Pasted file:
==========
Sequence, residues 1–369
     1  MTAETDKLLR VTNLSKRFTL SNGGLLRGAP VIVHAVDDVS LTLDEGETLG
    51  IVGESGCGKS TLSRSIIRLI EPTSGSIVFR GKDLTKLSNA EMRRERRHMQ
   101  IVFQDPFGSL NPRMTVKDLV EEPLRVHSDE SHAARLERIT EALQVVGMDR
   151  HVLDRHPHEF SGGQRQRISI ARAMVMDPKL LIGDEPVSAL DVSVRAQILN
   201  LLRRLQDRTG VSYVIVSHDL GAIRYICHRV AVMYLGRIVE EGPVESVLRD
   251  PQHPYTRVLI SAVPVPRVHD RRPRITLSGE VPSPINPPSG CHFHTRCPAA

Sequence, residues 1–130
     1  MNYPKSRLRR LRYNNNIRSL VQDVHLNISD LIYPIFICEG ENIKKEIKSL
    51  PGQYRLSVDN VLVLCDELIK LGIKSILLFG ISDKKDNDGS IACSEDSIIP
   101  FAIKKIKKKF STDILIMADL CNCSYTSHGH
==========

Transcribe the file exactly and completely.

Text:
Sequence, residues 1–369
     1  MTAETDKLLR VTNLSKRFTL SNGGLLRGAP VIVHAVDDVS LTLDEGETLG
    51  IVGESGCGKS TLSRSIIRLI EPTSGSIVFR GKDLTKLSNA EMRRERRHMQ
   101  IVFQDPFGSL NPRMTVKDLV EEPLRVHSDE SHAARLERIT EALQVVGMDR
   151  HVLDRHPHEF SGGQRQRISI ARAMVMDPKL LIGDEPVSAL DVSVRAQILN
   201  LLRRLQDRTG VSYVIVSHDL GAIRYICHRV AVMYLGRIVE EGPVESVLRD
   251  PQHPYTRVLI SAVPVPRVHD RRPRITLSGE VPSPINPPSG CHFHTRCPAA

Sequence, residues 1–130
     1  MNYPKSRLRR LRYNNNIRSL VQDVHLNISD LIYPIFICEG ENIKKEIKSL
    51  PGQYRLSVDN VLVLCDELIK LGIKSILLFG ISDKKDNDGS IACSEDSIIP
   101  FAIKKIKKKF STDILIMADL CNCSYTSHGH